Cycling Training Camp = Eat, Ride, Eat, (maybe eat some more) and then rinse and repeat. So when it comes to feeding 25+ hungry cyclists, it requires a little more than the usual trip to the grocery store. Both last year and this year we collected recipes weeks in advance, corrected portion sizes to match those of a rider, and collated a rather large spreadsheet of ingredients which later became the master shopping list.
As one can imagine, a small town like Borrego Springs (without any traffic lights, malls or dense population) might not be the ideal place to buy groceries for the aforementioned group of riders—they just didn’t have the capacity, especially in the banana department. Instead, we took a rental car over to Costco and proceeded to purchase the equivalent of ~$1500 worth of groceries including 10 quarts of Greek Yogurt, 15 dozen eggs, about 65 pounds of bananas, and over 50 pounds of meat (including tenderloin, bacon, whole roasting chickens and ground turkey). Throughout the shopping process, Shaena and I skillfully navigated 2 carts and a flat-bed through the store, packing and piling as we moved through each section of the store. More than once we were approached and asked for assistance shopping—apparently it was just too much food for anyone to believe we would purchase. In the end, we made it through checkout (with the help of no less than 6 different Costco employees), loaded up the van and headed to Borrego.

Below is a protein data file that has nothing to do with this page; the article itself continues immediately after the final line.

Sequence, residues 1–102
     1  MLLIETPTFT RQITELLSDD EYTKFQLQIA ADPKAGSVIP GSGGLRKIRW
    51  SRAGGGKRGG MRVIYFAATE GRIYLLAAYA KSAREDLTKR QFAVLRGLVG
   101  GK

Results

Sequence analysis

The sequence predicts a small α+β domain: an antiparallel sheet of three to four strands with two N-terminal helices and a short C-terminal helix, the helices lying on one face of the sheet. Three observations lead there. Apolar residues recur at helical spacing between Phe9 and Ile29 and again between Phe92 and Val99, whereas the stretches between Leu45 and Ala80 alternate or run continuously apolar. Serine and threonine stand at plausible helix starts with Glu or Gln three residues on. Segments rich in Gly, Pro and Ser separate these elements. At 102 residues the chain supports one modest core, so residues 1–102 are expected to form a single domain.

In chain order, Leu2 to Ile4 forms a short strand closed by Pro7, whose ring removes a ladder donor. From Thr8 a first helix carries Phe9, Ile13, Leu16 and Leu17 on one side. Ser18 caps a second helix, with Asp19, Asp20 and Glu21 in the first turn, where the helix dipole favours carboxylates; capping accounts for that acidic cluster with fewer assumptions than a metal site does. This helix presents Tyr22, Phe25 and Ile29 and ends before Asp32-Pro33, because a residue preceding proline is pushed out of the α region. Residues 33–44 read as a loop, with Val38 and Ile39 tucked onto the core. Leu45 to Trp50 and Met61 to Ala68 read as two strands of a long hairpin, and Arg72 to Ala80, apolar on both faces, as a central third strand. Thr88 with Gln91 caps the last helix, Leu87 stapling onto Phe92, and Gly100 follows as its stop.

The meals really round off the trip. Not only are they delicious and cost effective for a group of our size, but they give us the chance to cook and eat together and build team camaraderie. Each night we’d have a head chef and a handful of support staff (can you imagine chopping 12 onions on your own?) putting together dinner, and then another 5 or so people on clean up (I think we used every dish for every meal!). In the end, the food is a small logistical piece of the whole puzzle that ends up adding another layer of decadence to an already amazing trip.